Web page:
how to cut and thread galvanized pipe

How to Cut and Thread Galvanized Pipe Without Damaging It?

Last Updated on April 25, 2023

Cutting and threading galvanized pipe can be a daunting task, but it can be done relatively quickly with the right tools and some practice.

This article will cover the tips and tricks on how to cut and thread galvanized pipe properly. We’ll also provide some tips to make the process go more smoothly.

What is Galvanized Pipe?

What Is Galvanized Pipe

Galvanized pipe, sometimes referred to as “black pipe,” is the plumbing pipe typically used in homes and businesses.

The steel (or iron) wire wrapped around and under heavy zinc coatings on both the inside and outside make it solid and durable for transporting water over long distances.

How to Cut and Thread Galvanized Pipe: The best tips & tricks?

A few tips and tricks we’ve learned through the years will help make your job easier. The first step is to find out how to cut galvanized pipe?

Here is the best way to cut the galvanized pipe, in our opinion:

Using a Reciprocating Saw

This would be the best tool to cut the galvanized pipe if you have a reciprocating saw. This is primarily because many are built with blades for cutting metals like steel and iron. You can either buy one or rent one for this job.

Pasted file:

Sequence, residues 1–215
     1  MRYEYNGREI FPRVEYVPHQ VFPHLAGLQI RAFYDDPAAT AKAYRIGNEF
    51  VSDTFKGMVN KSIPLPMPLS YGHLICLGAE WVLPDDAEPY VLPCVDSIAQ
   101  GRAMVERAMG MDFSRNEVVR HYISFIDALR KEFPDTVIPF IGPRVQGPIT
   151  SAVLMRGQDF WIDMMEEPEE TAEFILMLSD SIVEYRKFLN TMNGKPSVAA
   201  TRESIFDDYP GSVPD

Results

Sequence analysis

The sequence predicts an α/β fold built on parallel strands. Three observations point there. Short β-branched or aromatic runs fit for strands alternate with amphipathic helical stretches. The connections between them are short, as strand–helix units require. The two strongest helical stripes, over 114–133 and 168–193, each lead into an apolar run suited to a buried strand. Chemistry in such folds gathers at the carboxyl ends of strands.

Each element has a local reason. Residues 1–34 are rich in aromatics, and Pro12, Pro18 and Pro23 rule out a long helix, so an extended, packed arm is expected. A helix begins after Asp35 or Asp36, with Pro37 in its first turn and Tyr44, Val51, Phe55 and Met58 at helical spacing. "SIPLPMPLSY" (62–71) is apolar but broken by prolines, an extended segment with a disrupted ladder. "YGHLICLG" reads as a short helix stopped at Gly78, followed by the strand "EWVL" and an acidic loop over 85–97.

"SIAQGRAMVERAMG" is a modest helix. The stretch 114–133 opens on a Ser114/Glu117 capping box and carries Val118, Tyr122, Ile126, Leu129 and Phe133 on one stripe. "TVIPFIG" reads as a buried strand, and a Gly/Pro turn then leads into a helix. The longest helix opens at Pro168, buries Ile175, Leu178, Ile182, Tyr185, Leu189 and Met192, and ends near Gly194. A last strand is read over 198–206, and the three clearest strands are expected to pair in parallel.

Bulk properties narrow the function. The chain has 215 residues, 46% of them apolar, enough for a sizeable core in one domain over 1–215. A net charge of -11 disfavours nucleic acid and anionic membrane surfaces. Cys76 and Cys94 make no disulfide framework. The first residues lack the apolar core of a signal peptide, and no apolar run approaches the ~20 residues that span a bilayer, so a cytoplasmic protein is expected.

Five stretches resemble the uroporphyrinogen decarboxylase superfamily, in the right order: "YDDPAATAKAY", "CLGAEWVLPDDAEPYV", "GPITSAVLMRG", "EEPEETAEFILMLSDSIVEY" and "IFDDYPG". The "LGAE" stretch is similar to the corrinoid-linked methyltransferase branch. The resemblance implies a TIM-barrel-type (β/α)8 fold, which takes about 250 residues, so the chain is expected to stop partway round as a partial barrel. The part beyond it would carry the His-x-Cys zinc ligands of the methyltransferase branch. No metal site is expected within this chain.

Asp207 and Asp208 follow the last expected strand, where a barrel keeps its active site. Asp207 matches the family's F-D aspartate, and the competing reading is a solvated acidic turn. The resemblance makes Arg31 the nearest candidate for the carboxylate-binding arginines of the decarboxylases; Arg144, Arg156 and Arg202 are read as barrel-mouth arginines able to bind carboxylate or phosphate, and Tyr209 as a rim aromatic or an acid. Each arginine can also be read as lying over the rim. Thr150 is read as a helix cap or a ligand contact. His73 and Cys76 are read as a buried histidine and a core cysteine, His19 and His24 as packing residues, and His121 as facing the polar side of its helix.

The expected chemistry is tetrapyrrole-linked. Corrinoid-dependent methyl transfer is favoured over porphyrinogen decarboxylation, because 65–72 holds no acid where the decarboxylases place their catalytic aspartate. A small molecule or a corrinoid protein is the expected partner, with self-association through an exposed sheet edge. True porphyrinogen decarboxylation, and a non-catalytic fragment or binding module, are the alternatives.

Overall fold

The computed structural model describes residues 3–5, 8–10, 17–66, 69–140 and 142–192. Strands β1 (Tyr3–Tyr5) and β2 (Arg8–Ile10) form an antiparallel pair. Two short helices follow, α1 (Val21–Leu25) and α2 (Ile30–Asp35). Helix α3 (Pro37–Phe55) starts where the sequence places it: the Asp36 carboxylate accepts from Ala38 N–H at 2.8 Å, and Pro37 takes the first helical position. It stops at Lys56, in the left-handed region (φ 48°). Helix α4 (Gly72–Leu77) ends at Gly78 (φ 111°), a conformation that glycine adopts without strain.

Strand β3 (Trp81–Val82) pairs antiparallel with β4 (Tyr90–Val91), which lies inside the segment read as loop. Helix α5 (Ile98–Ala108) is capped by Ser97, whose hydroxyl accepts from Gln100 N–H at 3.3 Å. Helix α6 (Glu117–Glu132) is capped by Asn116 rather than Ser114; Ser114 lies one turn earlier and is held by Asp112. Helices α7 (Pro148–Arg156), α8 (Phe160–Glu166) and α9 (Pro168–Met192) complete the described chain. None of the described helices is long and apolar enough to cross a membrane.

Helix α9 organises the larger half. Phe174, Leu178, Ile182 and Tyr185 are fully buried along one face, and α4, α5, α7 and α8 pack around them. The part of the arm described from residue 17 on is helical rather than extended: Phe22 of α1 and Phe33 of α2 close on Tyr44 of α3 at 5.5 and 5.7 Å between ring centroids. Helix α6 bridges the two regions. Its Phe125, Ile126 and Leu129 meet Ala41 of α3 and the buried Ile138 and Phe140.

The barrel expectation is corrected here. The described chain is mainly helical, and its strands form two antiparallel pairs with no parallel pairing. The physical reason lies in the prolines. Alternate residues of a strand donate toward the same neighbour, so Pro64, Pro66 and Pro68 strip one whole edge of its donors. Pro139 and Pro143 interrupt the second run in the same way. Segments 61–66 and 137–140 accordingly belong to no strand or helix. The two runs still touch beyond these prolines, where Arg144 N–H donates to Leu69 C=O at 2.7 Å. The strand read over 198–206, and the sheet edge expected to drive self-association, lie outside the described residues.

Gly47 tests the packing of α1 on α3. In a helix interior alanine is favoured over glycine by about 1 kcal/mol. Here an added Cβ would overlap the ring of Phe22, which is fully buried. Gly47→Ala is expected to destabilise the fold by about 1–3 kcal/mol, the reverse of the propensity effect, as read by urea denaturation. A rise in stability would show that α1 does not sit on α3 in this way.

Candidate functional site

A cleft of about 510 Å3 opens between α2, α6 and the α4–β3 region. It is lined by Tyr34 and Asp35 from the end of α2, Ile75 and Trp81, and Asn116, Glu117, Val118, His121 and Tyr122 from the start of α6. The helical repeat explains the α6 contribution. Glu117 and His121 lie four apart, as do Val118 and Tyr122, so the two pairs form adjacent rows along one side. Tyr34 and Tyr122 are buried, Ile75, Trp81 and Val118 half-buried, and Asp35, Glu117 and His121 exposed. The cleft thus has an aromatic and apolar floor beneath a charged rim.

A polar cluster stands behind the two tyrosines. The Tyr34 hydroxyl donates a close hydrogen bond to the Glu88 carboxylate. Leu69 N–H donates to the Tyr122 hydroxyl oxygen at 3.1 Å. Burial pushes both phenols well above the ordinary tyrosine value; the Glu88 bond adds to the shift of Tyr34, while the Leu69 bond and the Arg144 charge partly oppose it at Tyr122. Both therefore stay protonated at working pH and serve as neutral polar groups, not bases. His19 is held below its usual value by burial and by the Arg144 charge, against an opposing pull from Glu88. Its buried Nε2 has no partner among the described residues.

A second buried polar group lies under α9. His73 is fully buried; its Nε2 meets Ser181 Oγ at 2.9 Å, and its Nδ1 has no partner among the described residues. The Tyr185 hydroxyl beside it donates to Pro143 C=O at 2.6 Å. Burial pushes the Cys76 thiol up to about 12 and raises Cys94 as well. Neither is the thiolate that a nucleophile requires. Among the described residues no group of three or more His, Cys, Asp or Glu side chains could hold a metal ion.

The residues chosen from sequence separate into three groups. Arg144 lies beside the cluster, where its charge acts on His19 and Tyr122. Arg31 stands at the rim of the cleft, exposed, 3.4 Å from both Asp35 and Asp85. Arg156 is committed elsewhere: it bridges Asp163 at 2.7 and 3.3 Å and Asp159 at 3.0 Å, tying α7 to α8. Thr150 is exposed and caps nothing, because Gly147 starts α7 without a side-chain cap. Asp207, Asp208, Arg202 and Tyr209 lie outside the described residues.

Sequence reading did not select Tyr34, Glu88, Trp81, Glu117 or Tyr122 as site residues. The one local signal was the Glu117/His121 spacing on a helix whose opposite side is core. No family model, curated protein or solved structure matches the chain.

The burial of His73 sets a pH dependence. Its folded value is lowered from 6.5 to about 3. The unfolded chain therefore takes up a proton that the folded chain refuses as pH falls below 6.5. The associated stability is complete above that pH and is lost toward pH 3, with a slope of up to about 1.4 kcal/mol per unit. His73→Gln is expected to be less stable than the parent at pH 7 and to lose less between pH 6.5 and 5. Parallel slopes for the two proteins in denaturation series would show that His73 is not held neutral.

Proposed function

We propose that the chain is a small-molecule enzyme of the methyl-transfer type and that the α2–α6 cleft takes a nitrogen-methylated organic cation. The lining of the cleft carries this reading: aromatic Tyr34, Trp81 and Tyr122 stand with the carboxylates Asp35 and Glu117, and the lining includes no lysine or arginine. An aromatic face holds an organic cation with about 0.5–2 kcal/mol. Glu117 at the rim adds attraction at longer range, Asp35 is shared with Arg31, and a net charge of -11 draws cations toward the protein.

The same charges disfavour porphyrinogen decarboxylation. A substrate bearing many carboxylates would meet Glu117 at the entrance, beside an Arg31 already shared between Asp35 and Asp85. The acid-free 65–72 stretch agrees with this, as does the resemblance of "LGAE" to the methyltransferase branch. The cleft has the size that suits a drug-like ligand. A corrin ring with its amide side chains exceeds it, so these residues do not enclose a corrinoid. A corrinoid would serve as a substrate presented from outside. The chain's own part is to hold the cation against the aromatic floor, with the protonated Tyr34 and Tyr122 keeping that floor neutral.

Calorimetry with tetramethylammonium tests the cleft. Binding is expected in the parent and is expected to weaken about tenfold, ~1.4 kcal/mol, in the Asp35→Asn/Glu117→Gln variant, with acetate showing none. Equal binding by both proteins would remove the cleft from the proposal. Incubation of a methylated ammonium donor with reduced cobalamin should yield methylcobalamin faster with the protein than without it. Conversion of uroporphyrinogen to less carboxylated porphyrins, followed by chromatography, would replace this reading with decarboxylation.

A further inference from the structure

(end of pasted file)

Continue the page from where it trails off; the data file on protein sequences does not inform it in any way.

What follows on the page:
Using an Angle Grinder

If you don’t have a reciprocating saw, an angle grinder works well. The blade is smaller and will require you to make more cuts for a given length of pipe, but the size of the tool makes it easier to handle.

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Using a Pipe Cutter

Using a Pipe Cutter

If you don’t have access to either of the two tools, a pipe cutter or tubing cutter can be used on steel or iron pipes. Be sure to get one designed for use with metals so it will not break when using it on the galvanized pipe.

Using a Chop Saw

The last option would be using a chop saw. A chop saw looks like a clamp-on magnifying glass with a circular blade attached to it. It’s designed for precision, but it can be challenging to get the angle right when cutting pipes.

Also, the edges are expensive and can only cut about 1/8 of an inch-thick metal at most (since the blades usually only cut up to about 1/8 inch deep).

After you’ve done all that, it’s time to start threading.

Threading galvanized pipe is easy. However, since the zinc coating on the outside of your piping can get in the way sometimes, here are a few tips for doing so more efficiently:

Using Tap/Die Sets

The best way to thread galvanized pipe is using a tap and die set; however, if you don’t have one of those, you can still do it with a regular plumber’s tape and a die.

Using Vice Grips

Clamp the threaded end of the galvanized piping into the vice grips as you did before. Make sure to tighten it enough so that the piping doesn’t move when being turned. This will give you an excellent clean cut with the threading tape.

Using a Pipe Threader

Using a Pipe Threader

The best way to thread galvanized pipe is using a pipe threader. It will pull the tape all the way through and start your lines simultaneously. Plus, it’s easier to use than a tap and dies set!